Four months ago, Dr Rajendra Pachauri was hardly a household name. But to the majority of those who knew him or knew of him, he was close to being a saint. This was the man who, as chair of the United Nation's Intergovernmental Panel on Climate Change (IPCC), had almost single-handedly put climate change on the map – and had a Nobel Peace Prize to show for it.
Pachauri is now better known but rarely is his name written in the media without the qualifier ‘embattled.’ More often than not, whenever he attends a public meeting, he is mobbed by journalists demanding to know whether he is going to resign. What happened to make such a change?
In short, the answer is a blog, more specifically a blog called EU Referendum which I write. Set up six years ago to campaign on the EU referendum then promised by Blair, it had since morphed into a general political blog, albeit with a strong EU tinge.
The story starts last December when it had been announced that the Corus steel works in Redcar was to be closed down by its owners, Tata Steel. I had worked out that the company was to benefit to the tune of hundreds of millions of pounds from the sale of carbon credits that it no longer needed, and had been given to it free of charge under the EU's emission trading scheme.
But it also emerged that Rajendra Pachauri had links with the Tata group. His own research institute had been set up by Tata and had originally been called the Tata Energy Research Institute (TERI). And, if there were links, a case could be made that Pachauri's interest in climate change was not wholly motivated by concern for the planet. There could be financial interests.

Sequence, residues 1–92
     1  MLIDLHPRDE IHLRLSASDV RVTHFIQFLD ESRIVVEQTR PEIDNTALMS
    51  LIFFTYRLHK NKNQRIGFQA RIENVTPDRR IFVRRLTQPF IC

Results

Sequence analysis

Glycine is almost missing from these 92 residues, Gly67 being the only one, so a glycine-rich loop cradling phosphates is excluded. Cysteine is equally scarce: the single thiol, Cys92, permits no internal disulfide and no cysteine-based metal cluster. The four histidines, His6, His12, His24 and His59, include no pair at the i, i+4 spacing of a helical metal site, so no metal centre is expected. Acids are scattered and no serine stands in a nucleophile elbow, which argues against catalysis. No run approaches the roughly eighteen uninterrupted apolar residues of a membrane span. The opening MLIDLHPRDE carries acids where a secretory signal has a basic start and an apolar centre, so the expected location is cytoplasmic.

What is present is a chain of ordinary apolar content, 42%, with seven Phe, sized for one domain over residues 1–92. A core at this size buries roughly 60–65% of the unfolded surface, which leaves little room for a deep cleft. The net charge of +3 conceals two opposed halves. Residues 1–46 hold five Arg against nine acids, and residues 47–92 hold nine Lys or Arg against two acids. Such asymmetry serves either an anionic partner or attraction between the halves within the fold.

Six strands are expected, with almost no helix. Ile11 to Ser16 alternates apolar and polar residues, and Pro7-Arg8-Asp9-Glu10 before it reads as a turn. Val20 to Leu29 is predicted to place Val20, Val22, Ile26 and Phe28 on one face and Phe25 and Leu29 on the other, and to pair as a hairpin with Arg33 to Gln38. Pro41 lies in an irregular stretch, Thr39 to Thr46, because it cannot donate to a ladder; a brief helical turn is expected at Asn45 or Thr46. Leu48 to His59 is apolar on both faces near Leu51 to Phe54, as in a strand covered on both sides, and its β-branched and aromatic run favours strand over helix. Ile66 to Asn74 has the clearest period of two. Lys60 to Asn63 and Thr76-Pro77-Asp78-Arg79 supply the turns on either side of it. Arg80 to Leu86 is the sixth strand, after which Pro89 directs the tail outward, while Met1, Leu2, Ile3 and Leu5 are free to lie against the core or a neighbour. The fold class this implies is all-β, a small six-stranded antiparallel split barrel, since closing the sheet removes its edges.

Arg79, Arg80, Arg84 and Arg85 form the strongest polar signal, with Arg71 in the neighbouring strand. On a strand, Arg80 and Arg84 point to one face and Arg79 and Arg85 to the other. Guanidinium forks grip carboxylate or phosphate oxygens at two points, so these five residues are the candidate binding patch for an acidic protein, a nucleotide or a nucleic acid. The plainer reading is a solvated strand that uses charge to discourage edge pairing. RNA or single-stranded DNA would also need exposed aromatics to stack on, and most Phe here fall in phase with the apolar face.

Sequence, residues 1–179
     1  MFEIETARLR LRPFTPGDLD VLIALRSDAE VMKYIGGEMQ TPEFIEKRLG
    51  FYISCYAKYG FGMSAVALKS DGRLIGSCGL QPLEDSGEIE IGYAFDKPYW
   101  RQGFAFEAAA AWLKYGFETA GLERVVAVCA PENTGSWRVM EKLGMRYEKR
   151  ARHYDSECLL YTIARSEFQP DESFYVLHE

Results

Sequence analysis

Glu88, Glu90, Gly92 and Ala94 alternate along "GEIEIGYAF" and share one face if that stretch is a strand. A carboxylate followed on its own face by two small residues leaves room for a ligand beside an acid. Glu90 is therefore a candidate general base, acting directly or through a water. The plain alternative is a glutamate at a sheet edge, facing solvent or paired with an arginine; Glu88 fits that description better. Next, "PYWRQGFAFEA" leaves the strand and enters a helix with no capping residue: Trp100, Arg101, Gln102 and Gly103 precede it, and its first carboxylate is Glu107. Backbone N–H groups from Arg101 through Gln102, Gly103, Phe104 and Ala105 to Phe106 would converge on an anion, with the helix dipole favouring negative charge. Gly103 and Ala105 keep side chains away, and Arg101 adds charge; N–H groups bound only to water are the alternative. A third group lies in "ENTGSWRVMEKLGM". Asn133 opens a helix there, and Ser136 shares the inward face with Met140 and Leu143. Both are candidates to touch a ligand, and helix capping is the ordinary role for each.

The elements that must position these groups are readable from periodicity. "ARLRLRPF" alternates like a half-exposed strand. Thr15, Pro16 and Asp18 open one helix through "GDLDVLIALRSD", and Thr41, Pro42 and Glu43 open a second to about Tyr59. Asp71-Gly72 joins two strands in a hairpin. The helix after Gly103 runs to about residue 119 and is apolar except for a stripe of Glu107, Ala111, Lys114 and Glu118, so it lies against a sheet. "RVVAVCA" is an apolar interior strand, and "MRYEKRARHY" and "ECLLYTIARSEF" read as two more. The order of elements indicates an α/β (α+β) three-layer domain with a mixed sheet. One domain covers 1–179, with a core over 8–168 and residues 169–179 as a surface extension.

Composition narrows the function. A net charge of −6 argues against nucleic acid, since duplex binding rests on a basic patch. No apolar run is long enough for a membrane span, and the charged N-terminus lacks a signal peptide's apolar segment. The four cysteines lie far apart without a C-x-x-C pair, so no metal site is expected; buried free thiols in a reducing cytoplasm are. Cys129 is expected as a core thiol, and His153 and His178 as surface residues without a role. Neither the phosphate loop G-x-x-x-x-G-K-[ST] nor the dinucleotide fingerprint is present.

That indeed turned out to be the case and further research revealed a large number of links with companies and financial institutions, all of which could in some way benefit financially from an association with the chair of the IPCC. The details were duly recorded and a long blog post was written, listing some of the evidence.
There, most probably, it would have rested, but for Christopher Booker who approached the Sunday Telegraph with the outline of a story based on my work – leading to the publication of a full-page piece just before Christmas.
In the aftermath of the failed Copenhagen climate summit and with the controversy over the Climatic Research Unit ‘climategate’ e-mails still rampant, the effect was like a dam-burst. A torrent of media and blog coverage ensued. Soon Pachauri was being described as ‘controversial’ and then, shortly afterwards, he became ‘embattled.’
The latter appellation was not entirely of my doing. Through the Copenhagen debacle and the ‘climategate’ crisis, the IPCC and Pachauri had remained relatively untarnished. But in early January came a new controversy over the Himalayan glaciers after it had been discovered that the IPCC had made a false claim about their rate of melting.
This time, Pachauri was directly involved as he had dismissed earlier criticism of the glacier claim as ‘voodoo science.’ But it then turned out that it was the IPCC’s science that was ‘voodoo’ as it was based on an unsubstantiated report from the advocacy group WWF.
That was bad enough for Pachauri but then I published on my blog evidence that his institute, TERI, had benefitted from generous grants to research the effects of that which the IPCC had falsely claimed would happen. ‘Glaciergate,’ as it was then being called, took on new legs, leading to an invitation to appear on Indian TV when I called for the IPCC head to resign.